Political pitfalls in handling Ebola may carry over to Zika

Ann Arbor, Michigan - If the United States responds to Zika the way it did to Ebola—and early indications are that in many ways it is—the country can expect missteps brought about by a lack of health care coordination and a lot of political finger pointing, according to an analysis by the University of Michigan.

Genetically inherited high cholesterol increases long-term risks of coronary heart disease and stroke

Dallas, Texas - Patients who experience high cholesterol due to an inherited genetic disorder from one of their parents heterozygous familial hypercholesterolemia are much more likely than those with average cholesterol levels to have diseases caused by hardening of the arteries, including an accelerated onset of coronary heart disease by up to 30 years, according to new research in the American Heart Association journal Circulation.

FDA approves implantable device that changes the shape of the cornea to correct near vision

Washington, DC - The U.S. Food and Drug Administration approved the Raindrop Near Vision Inlay, a device implanted in the cornea (the clear, front surface) of one eye to improve near vision in certain patients with presbyopia. It is the second FDA-approved implantable corneal device for correction of near vision in patients who have not had cataract surgery and the first implantable device that changes the shape of the cornea to achieve improved vision.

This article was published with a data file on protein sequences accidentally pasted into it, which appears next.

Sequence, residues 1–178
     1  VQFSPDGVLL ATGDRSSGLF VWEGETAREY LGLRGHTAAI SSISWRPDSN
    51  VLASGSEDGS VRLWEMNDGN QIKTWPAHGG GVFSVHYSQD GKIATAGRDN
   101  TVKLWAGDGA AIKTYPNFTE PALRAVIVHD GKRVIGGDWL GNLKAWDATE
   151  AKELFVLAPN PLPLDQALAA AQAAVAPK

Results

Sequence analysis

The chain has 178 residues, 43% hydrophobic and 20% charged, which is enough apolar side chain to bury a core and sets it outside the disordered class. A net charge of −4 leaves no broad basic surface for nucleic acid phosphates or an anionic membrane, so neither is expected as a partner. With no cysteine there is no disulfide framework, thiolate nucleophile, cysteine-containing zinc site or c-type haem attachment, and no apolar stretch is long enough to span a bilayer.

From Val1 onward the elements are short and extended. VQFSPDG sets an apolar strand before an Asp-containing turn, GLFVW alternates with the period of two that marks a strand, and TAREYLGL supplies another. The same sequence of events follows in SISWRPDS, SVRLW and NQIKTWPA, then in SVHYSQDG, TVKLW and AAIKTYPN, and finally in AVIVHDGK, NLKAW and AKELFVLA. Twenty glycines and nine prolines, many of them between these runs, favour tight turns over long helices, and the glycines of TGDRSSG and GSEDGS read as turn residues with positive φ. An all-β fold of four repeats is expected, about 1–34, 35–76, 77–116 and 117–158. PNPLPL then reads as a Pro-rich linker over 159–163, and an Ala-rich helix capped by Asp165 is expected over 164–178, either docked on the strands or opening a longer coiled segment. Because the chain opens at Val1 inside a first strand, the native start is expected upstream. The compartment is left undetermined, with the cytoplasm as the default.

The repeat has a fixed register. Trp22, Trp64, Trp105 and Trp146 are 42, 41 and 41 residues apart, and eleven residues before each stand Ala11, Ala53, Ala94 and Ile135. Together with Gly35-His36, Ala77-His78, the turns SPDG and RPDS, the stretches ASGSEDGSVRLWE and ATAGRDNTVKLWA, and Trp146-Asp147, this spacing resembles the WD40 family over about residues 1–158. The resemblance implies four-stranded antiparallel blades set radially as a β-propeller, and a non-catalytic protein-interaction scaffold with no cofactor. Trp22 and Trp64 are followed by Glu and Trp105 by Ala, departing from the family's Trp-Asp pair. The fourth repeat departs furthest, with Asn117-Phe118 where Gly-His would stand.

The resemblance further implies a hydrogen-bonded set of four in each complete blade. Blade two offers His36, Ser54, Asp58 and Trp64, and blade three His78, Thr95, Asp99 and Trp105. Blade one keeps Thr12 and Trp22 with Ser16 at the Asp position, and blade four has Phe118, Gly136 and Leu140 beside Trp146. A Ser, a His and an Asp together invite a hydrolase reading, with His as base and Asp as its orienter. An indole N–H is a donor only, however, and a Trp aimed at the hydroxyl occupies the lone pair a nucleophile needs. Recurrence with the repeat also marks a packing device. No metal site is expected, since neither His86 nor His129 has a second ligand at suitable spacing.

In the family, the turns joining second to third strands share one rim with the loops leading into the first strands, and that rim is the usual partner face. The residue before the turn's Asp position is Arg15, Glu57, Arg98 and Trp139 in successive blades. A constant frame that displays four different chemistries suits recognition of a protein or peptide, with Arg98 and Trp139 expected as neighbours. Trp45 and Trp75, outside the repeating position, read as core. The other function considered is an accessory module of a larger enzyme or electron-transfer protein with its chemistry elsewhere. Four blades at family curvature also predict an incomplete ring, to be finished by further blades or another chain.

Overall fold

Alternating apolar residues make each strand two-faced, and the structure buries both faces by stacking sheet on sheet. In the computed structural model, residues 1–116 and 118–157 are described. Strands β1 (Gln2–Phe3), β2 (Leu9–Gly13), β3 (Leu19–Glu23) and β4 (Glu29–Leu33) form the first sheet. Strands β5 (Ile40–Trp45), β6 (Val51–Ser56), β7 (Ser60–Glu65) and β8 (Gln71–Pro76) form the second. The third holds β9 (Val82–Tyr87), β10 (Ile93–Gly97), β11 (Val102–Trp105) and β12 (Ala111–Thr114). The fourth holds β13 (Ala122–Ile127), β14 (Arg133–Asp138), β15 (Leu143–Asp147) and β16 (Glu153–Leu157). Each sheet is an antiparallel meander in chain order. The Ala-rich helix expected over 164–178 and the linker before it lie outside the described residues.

Prehypertension during pregnancy could lead to cardiovascular risks

Dallas, Texas - Pregnant women who experience persistent blood pressure elevations in the upper ranges of normal may be at high risk of developing metabolic syndrome and increased cardiovascular risk after giving birth, according to research published in the American Heart Association’s journal Hypertension.

NIH-led effort uses implementation science approaches to reduce mother-to-child HIV transmission

Washington, DC - An emerging field, known as implementation science, may help reduce the nearly 150,000 instances of mother-to-child HIV transmissions that occur annually around the world, mostly in developing countries. A team of scientists and program managers, led by the National Institutes of Health, has been studying a variety of implementation science approaches to prevent mother-to-child transmission and has published the results in a 16-article open-access supplement to the Journal of Acquired Immune Deficiency Syndromes.